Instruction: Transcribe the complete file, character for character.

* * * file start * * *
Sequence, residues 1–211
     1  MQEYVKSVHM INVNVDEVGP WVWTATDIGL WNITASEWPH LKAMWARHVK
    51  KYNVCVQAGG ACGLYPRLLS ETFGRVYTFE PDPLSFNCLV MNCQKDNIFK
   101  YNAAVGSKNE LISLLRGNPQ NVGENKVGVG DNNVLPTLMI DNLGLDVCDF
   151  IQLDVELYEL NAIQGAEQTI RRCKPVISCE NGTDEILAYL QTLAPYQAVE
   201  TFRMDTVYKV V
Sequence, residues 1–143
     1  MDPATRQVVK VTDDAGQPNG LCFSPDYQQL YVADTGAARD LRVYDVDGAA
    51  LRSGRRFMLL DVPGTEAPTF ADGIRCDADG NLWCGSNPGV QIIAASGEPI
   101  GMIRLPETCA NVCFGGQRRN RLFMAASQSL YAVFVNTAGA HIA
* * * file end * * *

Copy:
Sequence, residues 1–211
     1  MQEYVKSVHM INVNVDEVGP WVWTATDIGL WNITASEWPH LKAMWARHVK
    51  KYNVCVQAGG ACGLYPRLLS ETFGRVYTFE PDPLSFNCLV MNCQKDNIFK
   101  YNAAVGSKNE LISLLRGNPQ NVGENKVGVG DNNVLPTLMI DNLGLDVCDF
   151  IQLDVELYEL NAIQGAEQTI RRCKPVISCE NGTDEILAYL QTLAPYQAVE
   201  TFRMDTVYKV V
Sequence, residues 1–143
     1  MDPATRQVVK VTDDAGQPNG LCFSPDYQQL YVADTGAARD LRVYDVDGAA
    51  LRSGRRFMLL DVPGTEAPTF ADGIRCDADG NLWCGSNPGV QIIAASGEPI
   101  GMIRLPETCA NVCFGGQRRN RLFMAASQSL YAVFVNTAGA HIA